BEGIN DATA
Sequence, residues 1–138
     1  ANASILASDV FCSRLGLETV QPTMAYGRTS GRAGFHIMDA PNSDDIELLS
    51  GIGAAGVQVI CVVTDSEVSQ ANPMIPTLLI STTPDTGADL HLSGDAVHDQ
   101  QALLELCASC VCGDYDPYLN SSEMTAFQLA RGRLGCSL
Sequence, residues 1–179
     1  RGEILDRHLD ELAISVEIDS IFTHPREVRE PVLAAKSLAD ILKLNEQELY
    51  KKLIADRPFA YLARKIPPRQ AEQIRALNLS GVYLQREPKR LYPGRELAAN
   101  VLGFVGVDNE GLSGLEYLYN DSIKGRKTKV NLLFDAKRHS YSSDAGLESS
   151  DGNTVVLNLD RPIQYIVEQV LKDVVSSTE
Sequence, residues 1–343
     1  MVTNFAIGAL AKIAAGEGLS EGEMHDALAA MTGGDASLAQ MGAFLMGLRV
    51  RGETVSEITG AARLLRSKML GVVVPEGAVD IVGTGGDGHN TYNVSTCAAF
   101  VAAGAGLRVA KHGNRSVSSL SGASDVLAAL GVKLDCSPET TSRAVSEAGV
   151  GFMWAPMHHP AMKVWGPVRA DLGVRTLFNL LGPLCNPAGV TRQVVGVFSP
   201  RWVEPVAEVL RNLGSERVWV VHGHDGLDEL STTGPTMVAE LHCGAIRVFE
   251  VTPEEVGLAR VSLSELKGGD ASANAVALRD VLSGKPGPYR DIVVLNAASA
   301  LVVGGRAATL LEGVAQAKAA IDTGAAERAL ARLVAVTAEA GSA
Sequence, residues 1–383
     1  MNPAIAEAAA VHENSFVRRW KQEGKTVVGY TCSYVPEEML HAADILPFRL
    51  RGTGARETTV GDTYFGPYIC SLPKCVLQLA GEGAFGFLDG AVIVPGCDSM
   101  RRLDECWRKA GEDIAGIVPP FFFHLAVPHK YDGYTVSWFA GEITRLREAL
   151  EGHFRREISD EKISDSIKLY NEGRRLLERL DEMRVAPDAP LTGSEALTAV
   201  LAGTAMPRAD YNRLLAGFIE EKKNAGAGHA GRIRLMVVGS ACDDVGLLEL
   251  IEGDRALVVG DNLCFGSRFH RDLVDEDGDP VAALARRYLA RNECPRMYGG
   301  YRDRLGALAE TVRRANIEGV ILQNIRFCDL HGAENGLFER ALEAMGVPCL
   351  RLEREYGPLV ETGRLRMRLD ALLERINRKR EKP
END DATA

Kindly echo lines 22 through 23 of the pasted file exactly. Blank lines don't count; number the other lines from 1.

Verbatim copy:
   151  EGHFRREISD EKISDSIKLY NEGRRLLERL DEMRVAPDAP LTGSEALTAV
   201  LAGTAMPRAD YNRLLAGFIE EKKNAGAGHA GRIRLMVVGS ACDDVGLLEL